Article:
I appreciate that your primary concern is the effect of your wife's depression on your children's development. Yes, young children do indeed have very sensitive "radar" to what their caregivers are thinking, feeling and doing, even if this is not discussed openly. One particularly negative impact can be that such children begin to try and "fix" or mitigate the parent's depressive symptoms, by tweaking their own behavior (this often results in a condition called "parentification"). This can have a significant impact on children, somewhat akin to that of growing up with an addicted, angry or anxious parent. One very good book to read in this realm is "The Drama of The Gifted Child" by Alice Miller (although, I must warn you, it is a bit psycho-babbly). I would strongly encourage you and your wife to deal with this challenge as collaboratively as possible. If she is amenable, I suggest that you accompany your wife to her therapy sessions every so often so as to particpate meaningfully in her recovery (this is NOT couples therapy, but more of a "guest appearance" on your part). Couples therapy may also be useful in helping you two discuss and address these concerns.
On a practical level, I do think that giving your wife as many breaks from her mothering role as you can, supporting her engagement in self-care activities (exercise, social involvements, time for herself or to visit family) will all be very important as well. Please do be sure and make an effort to fully understand her various concerns and symptoms, and to validate them genuinely and sensitively. For example, does she feel hopeless? Is she feeling particularly self critical? Is she dissatisfied with her life, with the marriage, or with herself? What specifically drives her depressive thoughts? After all, if your wife cannot value and improve her relationship with herself, then it will be difficult for her to be there effectively for your children. Needless to say, I strongly suggest that you get involved as fully as you can, despite your work demands. It is unlikely that you will ever look back with regret at the fact that you sacrificed work to attend to your wife and children. And it sure does seem as if they need you now.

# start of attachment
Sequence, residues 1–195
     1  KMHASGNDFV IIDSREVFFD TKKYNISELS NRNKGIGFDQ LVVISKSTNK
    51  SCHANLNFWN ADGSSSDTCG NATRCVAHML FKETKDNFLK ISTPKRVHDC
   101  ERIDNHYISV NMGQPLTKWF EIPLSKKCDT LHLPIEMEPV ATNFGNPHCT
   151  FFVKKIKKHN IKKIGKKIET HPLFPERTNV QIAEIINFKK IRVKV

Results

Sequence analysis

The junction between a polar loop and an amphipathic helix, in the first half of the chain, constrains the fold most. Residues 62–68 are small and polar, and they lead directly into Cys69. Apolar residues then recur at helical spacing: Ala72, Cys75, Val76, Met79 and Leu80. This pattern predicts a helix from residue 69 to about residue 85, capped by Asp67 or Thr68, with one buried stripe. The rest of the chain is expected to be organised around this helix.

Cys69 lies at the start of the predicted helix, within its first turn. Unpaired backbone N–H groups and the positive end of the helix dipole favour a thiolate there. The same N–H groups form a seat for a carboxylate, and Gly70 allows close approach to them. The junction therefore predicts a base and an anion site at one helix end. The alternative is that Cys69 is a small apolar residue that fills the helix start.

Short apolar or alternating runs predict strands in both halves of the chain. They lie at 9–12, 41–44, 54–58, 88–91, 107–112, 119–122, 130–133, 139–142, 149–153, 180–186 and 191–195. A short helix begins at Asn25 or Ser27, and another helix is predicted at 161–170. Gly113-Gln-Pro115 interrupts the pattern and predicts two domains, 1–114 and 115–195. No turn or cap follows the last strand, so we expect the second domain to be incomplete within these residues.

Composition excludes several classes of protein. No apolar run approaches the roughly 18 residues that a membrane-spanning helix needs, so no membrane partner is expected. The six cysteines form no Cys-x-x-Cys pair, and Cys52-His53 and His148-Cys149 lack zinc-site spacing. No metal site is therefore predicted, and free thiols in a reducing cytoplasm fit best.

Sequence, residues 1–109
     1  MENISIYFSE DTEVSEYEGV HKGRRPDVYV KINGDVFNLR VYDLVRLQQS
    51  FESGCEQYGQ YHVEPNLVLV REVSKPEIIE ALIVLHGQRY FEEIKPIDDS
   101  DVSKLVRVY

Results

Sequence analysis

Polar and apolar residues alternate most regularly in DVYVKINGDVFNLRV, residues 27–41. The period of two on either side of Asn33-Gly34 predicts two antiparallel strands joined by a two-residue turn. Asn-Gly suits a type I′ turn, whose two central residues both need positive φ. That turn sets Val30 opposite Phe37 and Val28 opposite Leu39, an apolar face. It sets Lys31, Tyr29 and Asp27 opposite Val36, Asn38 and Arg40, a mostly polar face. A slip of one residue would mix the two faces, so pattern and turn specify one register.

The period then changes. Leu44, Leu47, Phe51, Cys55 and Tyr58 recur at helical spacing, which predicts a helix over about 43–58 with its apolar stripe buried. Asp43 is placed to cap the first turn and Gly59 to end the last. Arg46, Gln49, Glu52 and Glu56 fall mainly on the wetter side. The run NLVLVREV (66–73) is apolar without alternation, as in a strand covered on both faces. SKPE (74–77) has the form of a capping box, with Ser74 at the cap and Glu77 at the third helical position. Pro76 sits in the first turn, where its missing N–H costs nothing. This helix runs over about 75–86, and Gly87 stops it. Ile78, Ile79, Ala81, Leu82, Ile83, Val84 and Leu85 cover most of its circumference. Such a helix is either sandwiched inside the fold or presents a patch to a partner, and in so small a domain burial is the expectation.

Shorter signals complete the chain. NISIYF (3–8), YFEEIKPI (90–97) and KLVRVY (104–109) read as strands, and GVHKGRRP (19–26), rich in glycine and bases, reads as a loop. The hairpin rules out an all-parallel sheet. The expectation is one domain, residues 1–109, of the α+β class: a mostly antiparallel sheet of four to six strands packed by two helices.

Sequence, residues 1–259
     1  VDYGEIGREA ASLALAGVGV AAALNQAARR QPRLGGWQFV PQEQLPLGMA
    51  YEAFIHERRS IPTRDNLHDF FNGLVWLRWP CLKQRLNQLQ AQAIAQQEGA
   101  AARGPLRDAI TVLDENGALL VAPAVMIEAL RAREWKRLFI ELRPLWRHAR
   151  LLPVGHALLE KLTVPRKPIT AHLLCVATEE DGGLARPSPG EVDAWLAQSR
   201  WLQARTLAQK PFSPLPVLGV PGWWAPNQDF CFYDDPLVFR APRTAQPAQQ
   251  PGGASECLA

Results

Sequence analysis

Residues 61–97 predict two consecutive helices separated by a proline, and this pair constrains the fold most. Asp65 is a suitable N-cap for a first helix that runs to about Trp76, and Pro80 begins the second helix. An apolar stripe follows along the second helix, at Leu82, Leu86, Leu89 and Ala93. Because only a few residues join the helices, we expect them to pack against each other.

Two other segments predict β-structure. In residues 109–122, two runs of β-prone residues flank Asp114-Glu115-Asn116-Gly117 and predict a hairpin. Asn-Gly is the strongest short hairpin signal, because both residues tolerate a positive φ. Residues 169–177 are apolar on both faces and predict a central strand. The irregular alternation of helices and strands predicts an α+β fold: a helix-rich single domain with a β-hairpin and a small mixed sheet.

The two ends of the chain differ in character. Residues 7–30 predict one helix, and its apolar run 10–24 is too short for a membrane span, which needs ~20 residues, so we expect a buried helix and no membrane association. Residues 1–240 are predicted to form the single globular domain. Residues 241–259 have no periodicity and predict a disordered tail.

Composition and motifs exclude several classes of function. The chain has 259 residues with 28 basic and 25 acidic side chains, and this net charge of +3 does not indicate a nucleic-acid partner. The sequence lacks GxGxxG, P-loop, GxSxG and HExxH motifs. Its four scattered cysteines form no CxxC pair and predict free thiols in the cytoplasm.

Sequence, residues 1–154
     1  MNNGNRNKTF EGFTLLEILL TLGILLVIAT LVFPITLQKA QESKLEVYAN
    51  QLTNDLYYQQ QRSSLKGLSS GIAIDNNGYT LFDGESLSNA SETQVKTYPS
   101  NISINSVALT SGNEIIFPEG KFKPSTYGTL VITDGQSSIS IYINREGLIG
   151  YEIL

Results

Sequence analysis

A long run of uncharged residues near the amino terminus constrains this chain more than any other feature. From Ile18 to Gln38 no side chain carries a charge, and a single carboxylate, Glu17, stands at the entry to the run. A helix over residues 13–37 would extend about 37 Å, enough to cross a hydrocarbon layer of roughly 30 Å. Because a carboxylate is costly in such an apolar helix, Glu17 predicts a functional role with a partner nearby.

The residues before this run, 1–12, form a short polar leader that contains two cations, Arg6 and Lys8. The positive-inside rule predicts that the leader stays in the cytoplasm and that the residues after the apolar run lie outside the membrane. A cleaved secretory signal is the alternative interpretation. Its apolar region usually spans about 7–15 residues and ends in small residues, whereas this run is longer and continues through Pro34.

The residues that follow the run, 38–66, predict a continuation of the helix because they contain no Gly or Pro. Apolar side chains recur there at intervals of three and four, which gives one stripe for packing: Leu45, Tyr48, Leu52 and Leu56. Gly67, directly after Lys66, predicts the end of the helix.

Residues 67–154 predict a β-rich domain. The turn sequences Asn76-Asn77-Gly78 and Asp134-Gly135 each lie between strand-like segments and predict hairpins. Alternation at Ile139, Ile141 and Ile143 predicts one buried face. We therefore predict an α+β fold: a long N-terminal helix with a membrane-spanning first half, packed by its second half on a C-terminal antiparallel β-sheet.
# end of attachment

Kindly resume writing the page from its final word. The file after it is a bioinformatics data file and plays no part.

By the way, I would not in any way minimize the very important role you play as the children's father, perhaps, at times, even in "compensating" for some of your wife's current limitations. Children who know that they have at least one parent to go to, lean on, and receive love from, will do a whole lot better than those who wonder why "Dad went off and left us with our depressed Mom."
I thank you very much for expressing your concerns and I hope that at least some of what I have said has been of use to you. The fact that you have taken the time to reflect upon this challenge and to write to me is clear evidence of your engagement and sensitivity. If you wish to elaborate further on your initial question, or to follow-up regarding specifics or respond to what I have written, I will be happy to provide additional response(s).
Richard E. Schultz, Ph.D,